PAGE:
Snoopy nodded as Woodstock fluttered alongside him. "Quite clever," Snoopy said. "Still, Moe must exist; the question is, how." He turned to Calvin. "Calvin, let me ask you about the questions in your class at school."
"I don't go to school; I am Spaceman Spiff, fearless explorer of the galaxy. Perhaps you are referring to my adventures on planet…" Calvin's voice was quickly drowned out by Woodstock's chirping.
"Yes, I agree, he will not be much help, Watson…I mean, Woodstock," the World Famous Detective said. "Susie, isn't it true that complex math, and questions like the capital of Poland before 1600, are asked?" She said it was.
"Will you stop with your questioning? I'm telling you, Moe's dangerous," Calvin said, pounding a hand with his fist. "He can't be trusted in my universe; never trust a first grader who shaves." Several stuffed dogs said they recalled that comment in a strip.
Dennis returned as Snoopy hummed. "Boy, you try to ask a guy some simple questions," Dennis said. "All I wanted to know was if the way I was doin' it was the way Tom Mix lassoed people."
"The way you were…" Stephanie's eyes grew wide with realization. "You mean you lassoed Mr. Wilson?" She held her head in one hand as he said "yes." Dennis' mother insisted that he go and untie Mr. Wilson. Dennis left again.
"Sometimes, the best scenes are the ones offscreen," a stuffed dog noted.
Snoopy was intrigued by the complexity of school subjects. He asked questions of a number of children, including the "Family Circus" ones who had been in the earlier discussion. Then, when Dennis returned, he asked, "Dennis, do you shave?"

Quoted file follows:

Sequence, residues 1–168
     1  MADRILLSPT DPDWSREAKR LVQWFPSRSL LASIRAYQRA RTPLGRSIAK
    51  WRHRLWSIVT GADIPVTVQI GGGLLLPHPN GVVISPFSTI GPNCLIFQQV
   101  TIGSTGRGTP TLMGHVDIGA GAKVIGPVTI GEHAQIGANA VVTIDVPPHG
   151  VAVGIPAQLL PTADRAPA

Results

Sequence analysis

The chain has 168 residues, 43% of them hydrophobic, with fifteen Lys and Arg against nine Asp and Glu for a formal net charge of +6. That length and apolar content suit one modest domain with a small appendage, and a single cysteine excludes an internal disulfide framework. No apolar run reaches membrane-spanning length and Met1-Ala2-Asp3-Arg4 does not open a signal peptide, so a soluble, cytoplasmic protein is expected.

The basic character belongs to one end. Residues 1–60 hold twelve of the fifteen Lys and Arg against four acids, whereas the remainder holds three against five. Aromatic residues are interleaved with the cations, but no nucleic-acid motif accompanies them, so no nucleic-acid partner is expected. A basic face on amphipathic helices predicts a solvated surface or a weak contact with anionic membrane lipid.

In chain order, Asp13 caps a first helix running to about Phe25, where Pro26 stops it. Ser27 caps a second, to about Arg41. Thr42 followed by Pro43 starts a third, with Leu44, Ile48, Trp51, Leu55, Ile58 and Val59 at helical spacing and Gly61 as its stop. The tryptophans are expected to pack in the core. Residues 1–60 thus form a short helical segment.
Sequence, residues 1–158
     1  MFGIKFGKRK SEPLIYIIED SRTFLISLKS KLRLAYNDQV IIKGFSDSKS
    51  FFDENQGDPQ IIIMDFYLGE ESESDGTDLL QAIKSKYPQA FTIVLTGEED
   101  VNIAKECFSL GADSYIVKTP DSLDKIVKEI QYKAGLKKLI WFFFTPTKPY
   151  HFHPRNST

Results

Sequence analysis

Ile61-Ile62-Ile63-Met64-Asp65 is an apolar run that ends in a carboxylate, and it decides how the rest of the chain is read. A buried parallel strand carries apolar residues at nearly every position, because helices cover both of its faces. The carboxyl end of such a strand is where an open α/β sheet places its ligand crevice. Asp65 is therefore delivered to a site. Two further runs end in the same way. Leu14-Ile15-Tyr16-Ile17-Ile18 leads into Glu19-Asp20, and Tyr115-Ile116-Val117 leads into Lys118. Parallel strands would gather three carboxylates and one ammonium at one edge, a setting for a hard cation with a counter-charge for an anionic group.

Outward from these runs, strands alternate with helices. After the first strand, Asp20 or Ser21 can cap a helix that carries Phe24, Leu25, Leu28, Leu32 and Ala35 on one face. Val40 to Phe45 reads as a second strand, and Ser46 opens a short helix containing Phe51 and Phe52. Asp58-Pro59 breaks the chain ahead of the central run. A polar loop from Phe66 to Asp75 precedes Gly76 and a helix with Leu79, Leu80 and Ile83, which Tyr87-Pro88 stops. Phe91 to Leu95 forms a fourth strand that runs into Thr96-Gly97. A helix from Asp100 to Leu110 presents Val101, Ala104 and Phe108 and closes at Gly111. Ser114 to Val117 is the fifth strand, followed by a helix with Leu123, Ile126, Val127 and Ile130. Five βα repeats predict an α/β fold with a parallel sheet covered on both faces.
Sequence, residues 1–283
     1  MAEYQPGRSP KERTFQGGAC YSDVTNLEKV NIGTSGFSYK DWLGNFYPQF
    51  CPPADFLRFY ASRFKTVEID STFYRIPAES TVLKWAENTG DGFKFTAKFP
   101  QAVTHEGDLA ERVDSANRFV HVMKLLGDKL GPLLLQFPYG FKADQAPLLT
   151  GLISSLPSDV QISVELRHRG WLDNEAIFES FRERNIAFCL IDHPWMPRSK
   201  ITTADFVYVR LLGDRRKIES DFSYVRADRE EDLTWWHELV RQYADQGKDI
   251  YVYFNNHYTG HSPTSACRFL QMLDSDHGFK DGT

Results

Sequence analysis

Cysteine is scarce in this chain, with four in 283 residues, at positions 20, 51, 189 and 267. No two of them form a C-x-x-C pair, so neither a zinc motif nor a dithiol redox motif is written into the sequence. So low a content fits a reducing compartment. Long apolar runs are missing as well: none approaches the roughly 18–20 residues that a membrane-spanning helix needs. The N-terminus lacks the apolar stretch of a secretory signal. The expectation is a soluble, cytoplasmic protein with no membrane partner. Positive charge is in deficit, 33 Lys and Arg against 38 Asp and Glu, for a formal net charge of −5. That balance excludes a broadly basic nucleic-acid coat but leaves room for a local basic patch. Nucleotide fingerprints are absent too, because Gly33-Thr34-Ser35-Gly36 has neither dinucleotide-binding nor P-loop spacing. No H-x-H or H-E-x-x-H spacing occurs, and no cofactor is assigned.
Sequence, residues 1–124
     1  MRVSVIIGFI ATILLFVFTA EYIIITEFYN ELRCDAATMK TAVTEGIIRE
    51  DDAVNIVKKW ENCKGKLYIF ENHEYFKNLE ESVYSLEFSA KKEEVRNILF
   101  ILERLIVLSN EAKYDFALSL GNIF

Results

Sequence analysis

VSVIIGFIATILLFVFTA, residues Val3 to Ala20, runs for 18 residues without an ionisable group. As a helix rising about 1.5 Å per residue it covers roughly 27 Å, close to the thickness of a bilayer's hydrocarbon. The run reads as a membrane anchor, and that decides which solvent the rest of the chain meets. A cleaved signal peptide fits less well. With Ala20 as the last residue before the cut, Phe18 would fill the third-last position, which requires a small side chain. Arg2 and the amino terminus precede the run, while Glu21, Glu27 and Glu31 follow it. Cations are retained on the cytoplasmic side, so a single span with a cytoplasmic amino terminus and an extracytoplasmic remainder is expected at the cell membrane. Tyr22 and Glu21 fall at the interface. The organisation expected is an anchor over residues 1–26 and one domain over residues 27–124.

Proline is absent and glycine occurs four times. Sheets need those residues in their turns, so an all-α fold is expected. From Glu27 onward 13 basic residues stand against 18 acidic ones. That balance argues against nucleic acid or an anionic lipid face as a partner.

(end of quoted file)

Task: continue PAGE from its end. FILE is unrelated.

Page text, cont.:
"That's a funny one," Dennis said as he laughed. "Only my dad shaves."
"But, you like to copy him, right?" Dennis agreed. "That would be something that boys would enjoy doing, correct?" He agreed.
Snoopy then left to question Moe. He asked the same questions about school and schoolwork, seeming harmless enough, though to Moe, it got kind of annoying. Finally, when Snoopy seemed done, he began to leave, then turned and said. "Oh, one more thing. Do you shave?"
"Is there a point to all this? I can see you asking about school, but shaving?" Moe asked.
"Very well. Hmmm, come, Woodstock. I have a theory."
While Snoopy was gone, the others had been discussing changes brought about by the fact there was only limited time to insert years of happenings in comic strips. Lucy asked crabbily, "Speaking of changing things, is there any way you can make Rerun a sister instead of a brother?"
"Then I wouldn't have named him…" Linus began, before Lucy told him to be quiet.
"I'll take a baby brother if you don't want him," Dennis offered. His mother instantly shouted that he'd do no such thing.